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Razer Blade 16 hands-on: a dream gaming laptop

Razer has given us a first look at the Razer Blade 16 and Razer Blade 18, which will be released in the coming months. And I will say right now: I am impressed.

The Blade 18 is the largest and most powerful Razer Blade ever released, which is neat in itself. But I’m actually even more excited about the Blade 16, which debuts with some never-before-seen on a Razer Blade.

First, there is a Mini LED screen. And it looks big. On screen, some shades looked dazzlingly bright against a black background, where they might look washed out on other game screens. Black areas, speaking of, looked beautifully black.

In addition to the Blade 16 model in its demo area, Razer actually had a separate panel made of mini-LEDs that mirrored what the Blade 16 was doing. When local dimming zones on the Blade brightened and dimmed, the corresponding diodes on the panel brightened and dimmed. (I know it’s hard to imagine, but you can see what I’m talking about in the photo below.) We were told the Blade 16’s screen had 1,000 local dimming zones, which feels like a large number on paper – but this panel really highlighted (heh) just how many tiny independent lights are crammed into that laptop and how much work they all do.

We couldn’t actually play titles on these Blade models, as they were pre-production units – Razer just showed us a game footage video. This meant I couldn’t try out the intriguing toggle feature (which lets you easily switch between 4K/120Hz and 1920 x 1200/240Hz modes), but my colleague Cameron Faulkner wrote about that earlier today if you want to know more.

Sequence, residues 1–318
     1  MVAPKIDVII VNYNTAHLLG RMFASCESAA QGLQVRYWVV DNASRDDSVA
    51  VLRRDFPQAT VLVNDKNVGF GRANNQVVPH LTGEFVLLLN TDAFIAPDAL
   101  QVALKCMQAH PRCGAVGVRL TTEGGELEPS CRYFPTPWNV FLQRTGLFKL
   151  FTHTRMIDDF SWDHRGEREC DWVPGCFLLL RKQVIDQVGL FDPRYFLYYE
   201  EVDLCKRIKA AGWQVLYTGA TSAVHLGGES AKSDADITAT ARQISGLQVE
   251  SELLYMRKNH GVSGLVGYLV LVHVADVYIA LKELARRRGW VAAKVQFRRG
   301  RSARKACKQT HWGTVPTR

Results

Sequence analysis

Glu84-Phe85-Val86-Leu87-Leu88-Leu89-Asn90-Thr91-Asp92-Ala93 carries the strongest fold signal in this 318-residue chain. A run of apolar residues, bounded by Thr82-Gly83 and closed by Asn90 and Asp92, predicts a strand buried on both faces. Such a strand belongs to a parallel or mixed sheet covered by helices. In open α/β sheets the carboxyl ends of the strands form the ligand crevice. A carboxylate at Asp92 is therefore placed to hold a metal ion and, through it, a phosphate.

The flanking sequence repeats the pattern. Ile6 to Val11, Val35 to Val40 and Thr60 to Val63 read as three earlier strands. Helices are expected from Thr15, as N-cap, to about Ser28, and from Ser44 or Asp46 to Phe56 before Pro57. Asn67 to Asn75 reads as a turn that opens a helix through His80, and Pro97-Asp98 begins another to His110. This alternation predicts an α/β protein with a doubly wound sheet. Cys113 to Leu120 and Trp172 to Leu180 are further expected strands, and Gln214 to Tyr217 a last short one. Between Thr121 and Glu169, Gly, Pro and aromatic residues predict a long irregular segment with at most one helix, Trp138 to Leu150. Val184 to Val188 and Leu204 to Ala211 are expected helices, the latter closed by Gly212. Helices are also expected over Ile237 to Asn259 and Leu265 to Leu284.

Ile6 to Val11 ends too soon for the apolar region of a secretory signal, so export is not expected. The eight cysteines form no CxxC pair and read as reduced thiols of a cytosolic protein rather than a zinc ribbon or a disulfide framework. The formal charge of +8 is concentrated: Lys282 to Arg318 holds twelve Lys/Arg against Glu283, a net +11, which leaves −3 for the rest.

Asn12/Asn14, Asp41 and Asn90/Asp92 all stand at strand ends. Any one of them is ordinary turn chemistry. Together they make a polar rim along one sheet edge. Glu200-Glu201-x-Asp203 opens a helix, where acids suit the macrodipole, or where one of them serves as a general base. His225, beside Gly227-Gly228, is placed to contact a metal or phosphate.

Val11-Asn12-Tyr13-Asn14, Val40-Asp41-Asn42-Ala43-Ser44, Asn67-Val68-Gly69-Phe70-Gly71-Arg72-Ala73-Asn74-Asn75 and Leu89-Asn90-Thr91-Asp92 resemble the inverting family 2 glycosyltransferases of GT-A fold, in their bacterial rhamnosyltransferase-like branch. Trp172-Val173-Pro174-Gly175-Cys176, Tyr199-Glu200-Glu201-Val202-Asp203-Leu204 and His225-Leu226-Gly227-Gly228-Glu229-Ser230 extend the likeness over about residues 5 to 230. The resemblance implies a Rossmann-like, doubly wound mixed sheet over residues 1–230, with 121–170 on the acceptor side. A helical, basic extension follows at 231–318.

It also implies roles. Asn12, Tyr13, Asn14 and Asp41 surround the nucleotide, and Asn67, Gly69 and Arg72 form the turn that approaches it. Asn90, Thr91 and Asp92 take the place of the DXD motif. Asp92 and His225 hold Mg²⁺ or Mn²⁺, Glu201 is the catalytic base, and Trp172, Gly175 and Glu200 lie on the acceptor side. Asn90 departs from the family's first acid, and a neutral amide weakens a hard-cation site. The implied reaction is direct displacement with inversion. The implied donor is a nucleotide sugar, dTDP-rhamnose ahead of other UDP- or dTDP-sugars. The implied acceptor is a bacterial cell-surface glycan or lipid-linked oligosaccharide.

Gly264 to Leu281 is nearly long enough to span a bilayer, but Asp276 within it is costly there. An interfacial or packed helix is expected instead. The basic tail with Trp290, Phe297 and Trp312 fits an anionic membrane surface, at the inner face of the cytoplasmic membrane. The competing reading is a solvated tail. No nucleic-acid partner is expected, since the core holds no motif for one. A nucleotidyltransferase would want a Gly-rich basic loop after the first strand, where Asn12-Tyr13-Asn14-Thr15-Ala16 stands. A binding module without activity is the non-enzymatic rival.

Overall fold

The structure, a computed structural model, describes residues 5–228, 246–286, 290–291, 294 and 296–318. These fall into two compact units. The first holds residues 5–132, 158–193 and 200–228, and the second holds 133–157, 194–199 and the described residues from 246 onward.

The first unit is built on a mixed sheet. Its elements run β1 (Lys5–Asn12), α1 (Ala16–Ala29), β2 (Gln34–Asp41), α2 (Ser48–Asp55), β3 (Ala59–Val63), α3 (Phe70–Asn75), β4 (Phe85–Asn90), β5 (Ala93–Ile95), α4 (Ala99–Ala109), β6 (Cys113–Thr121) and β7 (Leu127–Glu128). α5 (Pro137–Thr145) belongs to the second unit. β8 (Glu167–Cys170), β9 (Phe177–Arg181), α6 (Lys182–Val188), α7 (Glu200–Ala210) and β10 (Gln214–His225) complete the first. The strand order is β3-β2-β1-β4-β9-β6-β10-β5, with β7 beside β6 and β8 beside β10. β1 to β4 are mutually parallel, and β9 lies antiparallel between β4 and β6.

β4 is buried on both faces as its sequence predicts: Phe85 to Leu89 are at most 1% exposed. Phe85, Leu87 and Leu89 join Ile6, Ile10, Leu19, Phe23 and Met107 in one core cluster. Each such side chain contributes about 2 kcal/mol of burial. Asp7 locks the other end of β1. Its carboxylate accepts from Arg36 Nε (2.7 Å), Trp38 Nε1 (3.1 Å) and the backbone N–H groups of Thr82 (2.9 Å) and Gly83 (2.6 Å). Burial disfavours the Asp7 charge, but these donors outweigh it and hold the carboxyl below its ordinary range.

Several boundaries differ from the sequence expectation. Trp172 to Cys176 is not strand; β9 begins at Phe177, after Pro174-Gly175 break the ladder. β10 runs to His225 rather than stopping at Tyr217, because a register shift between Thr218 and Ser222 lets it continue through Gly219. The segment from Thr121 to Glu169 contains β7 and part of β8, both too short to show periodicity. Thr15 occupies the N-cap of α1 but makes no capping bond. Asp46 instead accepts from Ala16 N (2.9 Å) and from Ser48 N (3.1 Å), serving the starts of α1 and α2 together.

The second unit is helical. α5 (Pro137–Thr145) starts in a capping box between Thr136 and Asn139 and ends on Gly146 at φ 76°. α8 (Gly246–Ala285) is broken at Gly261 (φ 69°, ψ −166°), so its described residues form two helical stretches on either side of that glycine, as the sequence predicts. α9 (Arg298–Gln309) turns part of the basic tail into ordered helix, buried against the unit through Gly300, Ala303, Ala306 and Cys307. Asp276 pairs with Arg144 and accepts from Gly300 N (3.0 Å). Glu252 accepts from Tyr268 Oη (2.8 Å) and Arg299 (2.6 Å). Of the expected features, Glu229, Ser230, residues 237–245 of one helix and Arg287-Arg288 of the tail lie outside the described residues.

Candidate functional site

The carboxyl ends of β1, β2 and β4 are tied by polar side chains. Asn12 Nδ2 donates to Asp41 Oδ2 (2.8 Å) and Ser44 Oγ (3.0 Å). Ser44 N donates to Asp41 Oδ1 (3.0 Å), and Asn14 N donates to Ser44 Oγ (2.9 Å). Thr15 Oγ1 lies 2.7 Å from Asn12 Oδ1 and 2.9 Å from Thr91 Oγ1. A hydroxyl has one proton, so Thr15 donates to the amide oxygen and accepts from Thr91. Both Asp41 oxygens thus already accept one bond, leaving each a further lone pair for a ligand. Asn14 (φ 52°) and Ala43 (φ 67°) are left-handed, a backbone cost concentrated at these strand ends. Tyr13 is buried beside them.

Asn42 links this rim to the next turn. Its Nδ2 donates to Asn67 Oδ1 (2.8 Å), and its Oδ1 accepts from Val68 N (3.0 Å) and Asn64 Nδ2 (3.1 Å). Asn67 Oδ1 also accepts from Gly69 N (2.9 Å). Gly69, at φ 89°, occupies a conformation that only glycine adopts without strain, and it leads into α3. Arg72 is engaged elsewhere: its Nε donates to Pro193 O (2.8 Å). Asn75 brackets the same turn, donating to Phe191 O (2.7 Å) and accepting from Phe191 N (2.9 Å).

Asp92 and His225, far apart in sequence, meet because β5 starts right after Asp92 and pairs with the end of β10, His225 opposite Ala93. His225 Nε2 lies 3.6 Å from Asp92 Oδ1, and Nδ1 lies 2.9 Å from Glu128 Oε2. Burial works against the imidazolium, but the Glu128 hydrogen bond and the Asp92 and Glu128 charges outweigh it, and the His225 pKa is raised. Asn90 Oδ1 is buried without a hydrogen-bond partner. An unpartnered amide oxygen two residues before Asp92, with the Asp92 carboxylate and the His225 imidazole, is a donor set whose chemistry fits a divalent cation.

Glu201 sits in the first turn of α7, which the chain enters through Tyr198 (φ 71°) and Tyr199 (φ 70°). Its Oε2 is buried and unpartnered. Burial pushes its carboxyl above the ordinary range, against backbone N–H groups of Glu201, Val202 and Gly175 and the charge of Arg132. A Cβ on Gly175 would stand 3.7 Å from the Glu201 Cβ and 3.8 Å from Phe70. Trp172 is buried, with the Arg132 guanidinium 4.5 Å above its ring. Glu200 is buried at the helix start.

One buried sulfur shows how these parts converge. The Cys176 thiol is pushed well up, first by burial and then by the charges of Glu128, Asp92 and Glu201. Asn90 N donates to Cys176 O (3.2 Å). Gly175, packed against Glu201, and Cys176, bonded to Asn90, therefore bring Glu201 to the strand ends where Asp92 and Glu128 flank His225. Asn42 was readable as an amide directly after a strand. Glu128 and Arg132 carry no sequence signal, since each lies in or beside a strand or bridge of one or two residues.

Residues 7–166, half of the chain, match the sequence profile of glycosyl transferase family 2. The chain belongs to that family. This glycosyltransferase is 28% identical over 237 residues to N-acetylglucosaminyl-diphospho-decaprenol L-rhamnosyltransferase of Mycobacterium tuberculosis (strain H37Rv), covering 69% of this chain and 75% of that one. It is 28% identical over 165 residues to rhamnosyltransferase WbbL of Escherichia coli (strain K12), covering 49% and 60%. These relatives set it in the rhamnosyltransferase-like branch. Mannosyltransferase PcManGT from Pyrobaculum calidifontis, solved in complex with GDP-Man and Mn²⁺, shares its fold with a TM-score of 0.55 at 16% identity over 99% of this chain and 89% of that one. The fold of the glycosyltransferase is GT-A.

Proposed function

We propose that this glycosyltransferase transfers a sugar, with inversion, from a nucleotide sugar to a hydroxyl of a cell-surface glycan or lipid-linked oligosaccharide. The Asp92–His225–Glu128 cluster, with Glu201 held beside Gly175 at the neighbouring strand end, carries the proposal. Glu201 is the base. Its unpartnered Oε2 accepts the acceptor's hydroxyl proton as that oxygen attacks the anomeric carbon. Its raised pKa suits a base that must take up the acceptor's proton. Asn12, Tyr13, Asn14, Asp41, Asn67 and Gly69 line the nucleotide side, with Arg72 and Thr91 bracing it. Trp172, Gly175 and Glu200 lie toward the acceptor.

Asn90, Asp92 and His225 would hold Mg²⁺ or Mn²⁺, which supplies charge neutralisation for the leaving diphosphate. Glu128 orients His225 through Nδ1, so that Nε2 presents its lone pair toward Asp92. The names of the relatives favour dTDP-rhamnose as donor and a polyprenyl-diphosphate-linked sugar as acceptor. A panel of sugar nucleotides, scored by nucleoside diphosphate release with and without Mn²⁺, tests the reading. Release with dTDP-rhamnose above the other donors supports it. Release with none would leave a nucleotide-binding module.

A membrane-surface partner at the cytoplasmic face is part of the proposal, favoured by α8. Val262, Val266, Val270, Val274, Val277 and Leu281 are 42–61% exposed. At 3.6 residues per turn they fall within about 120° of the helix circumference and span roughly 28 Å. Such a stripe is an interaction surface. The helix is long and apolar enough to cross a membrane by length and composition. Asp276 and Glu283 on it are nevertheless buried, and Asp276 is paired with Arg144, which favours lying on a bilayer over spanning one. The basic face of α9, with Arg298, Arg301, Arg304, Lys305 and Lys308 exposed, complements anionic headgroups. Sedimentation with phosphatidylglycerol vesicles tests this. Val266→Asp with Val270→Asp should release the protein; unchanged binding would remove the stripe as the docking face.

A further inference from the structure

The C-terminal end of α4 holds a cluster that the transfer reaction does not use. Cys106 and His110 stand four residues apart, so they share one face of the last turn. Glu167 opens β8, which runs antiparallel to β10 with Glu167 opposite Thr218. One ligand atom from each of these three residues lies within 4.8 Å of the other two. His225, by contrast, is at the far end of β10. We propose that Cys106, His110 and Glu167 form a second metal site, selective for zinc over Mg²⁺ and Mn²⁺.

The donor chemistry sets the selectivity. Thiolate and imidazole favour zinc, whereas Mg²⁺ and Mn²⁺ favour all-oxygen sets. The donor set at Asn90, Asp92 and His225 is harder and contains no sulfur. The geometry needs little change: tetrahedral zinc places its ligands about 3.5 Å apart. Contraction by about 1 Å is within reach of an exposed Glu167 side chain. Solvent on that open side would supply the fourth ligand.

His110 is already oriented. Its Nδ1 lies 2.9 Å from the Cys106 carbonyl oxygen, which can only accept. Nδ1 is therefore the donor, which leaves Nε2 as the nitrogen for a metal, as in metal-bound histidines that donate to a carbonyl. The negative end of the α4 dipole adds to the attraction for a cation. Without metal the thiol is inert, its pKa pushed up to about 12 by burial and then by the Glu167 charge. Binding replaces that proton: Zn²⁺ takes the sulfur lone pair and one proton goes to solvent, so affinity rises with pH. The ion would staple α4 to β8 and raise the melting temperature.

A Razer Blade 16 with the Razer Blade 16 logo next to a mirrored Mini LED display.

Here’s the Blade 16 with the little dot panel next to it. Each of those little dots is a local dimming zone that can brighten and dim independently.

I’m excited too – enthusiastic, I’m telling you – that these laptops have 16:10 screens; it really makes the 16-inch panel seem endless compared to Blades I’ve used in the past. As a bonus, the larger screen allows for a longer chassis, giving Razer room for a large 95.2Wh battery – which, with all the fancy screen features this device needs to power, might just be a real necessity.

I was also able to try out the keyboard and touchpad, and I can confirm that they’re the same old, big, chunky keyboard and touchpad we’ve seen on Razer Blades before. Inside, configurations come with Intel’s 13th Gen Core i9-13950HX and up to Nvidia’s GeForce RTX 4090 graphics card. The Blade 16 starts at $2,699.99.

Now, all of these additions come with a total of one change that I consider a compromise. That’s the size. The Blade 16 is 5.4 pounds and 13.98 x 9.61 x 0.87 inches. That’s almost a full pound heavier and more than a tenth of an inch thicker than last year’s Blade 15 (which doesn’t necessarily replace this, but they’re clearly in a similar category).

This is a heavy piece of equipment; it was a pain for me to lift, and it certainly doesn’t feel as slim and streamlined as the Blade 15 last year. But that’s a compromise that some people will be willing to get this Mini LED screen to get (as well as the improved performance the Blade 16 offers), and that’s fair enough.

Shreya has been with australiabusinessblog.com for 3 years, writing copy for client websites, blog posts, EDMs and other mediums to engage readers and encourage action. By collaborating with clients, our SEO manager and the wider australiabusinessblog.com, Shreya seeks to understand an audience before creating memorable, persuasive copy.

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